No, I’m not just talking about the curious case of the exploding Samsung Galaxy Note 7 here – although it did create quite a boom (pun intended) internationally, not so much in India. It is emblematic of the mood that’s gripping the smartphone market at large, ironic as it may seem. Nine years of record-breaking year-on-year growth, after Steve Jobs flagged off The Great Smartphone Race back in 2007, the smartphone juggernaut is running out of steam.
Smartphone sales growth all over the world is slowing down, and in some markets it’s declining outright. Various reports from industry watchdogs like IDC and Gartner are predicting lowest percentage growth in annual smartphone sales in close to a decade. The Western market (US and Europe) is well and truly saturated, while emerging markets (China and India) are signalling the end of the boom. Next year is going to be more of the same, all the way till 2020.
This is unprecedented.
Having observed smartphone trends closely both in a personal capacity (since 2001) and in professional life as a tech analyst (since 2008), I can see why the party’s finally over and it’s time to sober up.
IDC claims that consumers are increasingly happy with their smartphone purchases over the past six to twelve months, which means fewer people are buying or upgrading them as frequently as they used to.
Consumers have slowly realized that their annual smartphone refresh cycles didn’t get them noticeably faster processors; instead they got less flashier screens and half-baked tech that had no real-world use. They’ve learnt to wait, save money, even skip a generation to buy something that felt more like an upgrade – both in terms of looks and performance. I know I have.
We at Digit are spoilt for choice, getting to test and use any smartphone our hearts desired, but if I had to be honest with you I seriously don’t see the point of investing in high-end flagship smartphones anymore. Not only are they extremely expensive, what differentiates them from the rest of the pack in terms of design and features is becoming less clear cut with each passing year. I, for instance, am following a 2-year smartphone refresh cycle since 2010, and the most I’ve ever spent on a smartphone is Rs. 25,000 – just last year.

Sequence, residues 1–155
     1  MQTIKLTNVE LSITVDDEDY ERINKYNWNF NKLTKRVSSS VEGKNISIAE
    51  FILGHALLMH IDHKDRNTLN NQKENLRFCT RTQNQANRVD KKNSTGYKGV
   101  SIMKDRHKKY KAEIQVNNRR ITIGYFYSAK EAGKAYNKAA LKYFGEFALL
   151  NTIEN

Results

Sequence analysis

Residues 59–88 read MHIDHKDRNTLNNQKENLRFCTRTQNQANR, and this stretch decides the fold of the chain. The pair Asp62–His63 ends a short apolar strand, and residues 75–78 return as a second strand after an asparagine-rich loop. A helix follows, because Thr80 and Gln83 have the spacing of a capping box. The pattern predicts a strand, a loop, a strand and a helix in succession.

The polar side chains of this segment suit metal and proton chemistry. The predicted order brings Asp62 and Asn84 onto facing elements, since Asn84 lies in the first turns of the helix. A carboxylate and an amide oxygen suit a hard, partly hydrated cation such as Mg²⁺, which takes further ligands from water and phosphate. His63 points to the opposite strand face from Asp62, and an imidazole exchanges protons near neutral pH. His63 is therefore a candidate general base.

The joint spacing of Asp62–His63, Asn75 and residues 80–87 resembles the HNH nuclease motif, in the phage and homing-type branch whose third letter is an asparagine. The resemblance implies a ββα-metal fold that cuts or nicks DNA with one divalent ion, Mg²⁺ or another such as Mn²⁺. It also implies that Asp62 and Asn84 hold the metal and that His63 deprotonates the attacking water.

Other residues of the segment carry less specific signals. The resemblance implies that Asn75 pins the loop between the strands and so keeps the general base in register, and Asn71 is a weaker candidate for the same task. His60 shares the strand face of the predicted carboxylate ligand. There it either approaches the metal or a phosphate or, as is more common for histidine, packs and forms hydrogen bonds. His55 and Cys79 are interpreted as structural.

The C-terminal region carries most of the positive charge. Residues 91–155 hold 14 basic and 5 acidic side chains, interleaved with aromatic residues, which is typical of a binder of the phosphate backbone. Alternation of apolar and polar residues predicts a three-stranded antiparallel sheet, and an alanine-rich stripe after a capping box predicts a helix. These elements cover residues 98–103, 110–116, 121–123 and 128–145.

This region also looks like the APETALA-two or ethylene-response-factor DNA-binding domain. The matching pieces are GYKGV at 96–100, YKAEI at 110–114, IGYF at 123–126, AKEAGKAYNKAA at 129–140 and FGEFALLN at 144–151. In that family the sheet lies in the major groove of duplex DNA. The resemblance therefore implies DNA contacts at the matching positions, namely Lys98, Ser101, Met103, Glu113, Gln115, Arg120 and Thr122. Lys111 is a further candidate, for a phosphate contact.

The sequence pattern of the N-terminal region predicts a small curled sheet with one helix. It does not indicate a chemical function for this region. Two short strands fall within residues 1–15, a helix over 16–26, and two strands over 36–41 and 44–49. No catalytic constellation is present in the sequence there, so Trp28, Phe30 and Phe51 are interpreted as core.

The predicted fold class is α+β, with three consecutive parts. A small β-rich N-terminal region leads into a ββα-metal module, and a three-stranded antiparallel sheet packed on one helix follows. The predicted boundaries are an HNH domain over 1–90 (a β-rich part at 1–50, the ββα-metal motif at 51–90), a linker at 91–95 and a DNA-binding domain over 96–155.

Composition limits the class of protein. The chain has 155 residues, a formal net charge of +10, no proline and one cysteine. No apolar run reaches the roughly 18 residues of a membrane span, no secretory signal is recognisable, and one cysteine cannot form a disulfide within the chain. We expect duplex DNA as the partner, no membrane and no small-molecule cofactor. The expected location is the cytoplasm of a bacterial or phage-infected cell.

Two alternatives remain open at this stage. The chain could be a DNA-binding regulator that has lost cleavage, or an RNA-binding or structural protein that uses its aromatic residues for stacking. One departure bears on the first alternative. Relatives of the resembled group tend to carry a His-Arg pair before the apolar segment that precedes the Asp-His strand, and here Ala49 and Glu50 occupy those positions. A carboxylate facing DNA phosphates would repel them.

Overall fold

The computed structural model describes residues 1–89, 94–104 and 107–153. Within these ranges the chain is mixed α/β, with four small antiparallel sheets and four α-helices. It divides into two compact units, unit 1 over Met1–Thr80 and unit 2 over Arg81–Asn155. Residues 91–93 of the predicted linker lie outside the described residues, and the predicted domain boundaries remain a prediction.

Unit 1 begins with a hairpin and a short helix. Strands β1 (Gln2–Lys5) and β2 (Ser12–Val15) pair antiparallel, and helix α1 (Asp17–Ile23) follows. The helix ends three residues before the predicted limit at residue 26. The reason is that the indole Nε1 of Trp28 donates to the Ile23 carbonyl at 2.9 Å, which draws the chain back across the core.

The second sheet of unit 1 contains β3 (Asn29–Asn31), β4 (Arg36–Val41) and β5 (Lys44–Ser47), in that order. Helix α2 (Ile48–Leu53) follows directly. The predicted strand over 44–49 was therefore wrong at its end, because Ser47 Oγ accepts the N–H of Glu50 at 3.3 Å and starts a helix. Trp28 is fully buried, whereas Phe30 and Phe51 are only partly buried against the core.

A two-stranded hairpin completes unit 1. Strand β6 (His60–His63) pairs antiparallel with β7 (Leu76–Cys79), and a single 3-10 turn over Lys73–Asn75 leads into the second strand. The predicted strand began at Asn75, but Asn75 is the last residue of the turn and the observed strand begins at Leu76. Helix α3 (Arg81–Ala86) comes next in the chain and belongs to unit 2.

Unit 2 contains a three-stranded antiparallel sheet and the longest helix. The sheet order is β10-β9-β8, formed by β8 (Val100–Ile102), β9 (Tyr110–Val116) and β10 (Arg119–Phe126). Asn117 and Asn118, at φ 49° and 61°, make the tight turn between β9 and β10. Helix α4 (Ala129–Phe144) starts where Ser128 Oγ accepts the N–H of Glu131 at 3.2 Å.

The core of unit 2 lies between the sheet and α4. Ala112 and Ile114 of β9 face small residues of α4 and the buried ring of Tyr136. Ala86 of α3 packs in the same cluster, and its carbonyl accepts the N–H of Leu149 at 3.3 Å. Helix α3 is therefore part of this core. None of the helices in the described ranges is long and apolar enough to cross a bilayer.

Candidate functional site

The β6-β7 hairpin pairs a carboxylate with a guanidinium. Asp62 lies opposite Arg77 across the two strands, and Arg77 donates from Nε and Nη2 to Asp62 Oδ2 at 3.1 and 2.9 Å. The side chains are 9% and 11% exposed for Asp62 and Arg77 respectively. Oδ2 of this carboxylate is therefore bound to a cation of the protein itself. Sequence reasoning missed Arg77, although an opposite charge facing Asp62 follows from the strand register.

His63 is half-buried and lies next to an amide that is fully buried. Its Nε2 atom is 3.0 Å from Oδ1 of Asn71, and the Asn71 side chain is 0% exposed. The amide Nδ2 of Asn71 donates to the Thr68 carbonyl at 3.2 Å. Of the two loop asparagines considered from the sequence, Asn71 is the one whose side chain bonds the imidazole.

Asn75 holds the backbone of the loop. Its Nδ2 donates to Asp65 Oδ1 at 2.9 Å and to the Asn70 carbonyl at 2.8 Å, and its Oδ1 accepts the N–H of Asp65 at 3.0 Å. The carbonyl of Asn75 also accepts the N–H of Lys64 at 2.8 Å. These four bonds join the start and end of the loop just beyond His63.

Back in the early 2000s, up until the launch of the first iPhone, at least phones used to look different – remember the iconic designs of Nokia nGage, Motorola Flip and others? The Blackberrys, Sony Ericssons, even Samsungs of the world looked and felt different, giving buyers a strong reason to go for this phone or that, or change frequently. But now with the advent of touchscreens, there’s so little to separate one candybar-shaped device from another.
Smartphones aren’t only faced with lack of serious or meaningful innovation that consumers could relate to, but OEMs of budget to mid-ranged smartphones sporting 4 to 4.5-inch screens are looking at up to 50-percent increase in prices of LCD panels for at least the next six months, according to a troubling report by TrendForce. A rise in the price of a critical component would force OEMs to jack up prices, but they’ll not do it anticipating consumer backlash (especially in the budget segment), which means reduced profit margin. Double whammy!
The smartphone industry needs to rescue itself from this crisis of innovation. The only thing that’s of any real value to consumers is the promise of phone-based VR implementations seen in the likes of Google’s Daydream or Samsung Gear VR. Or something like Microsoft Continuum for Windows phones, allowing you to connect a smartphone to an external monitor, mouse and keyboard to transform it into a PC. But everything else on the smartphone innovation front seems evolutionary, incremental changes; nothing’s revolutionary or a true breakthrough to capture people’s imaginations and urge them to refresh their handsets on an annual basis.
What do you look for in a smartphone before purchasing it? How long do you wait before you replace your phone? What would be the next big smartphone breakthrough? Let me know your thoughts.
This article was first published in November 2016 issue of Digit magazine. To read Digit's articles first, subscribe here or download the Digit e-magazine app for Android and iOS. You could also buy Digit's previous issues here.
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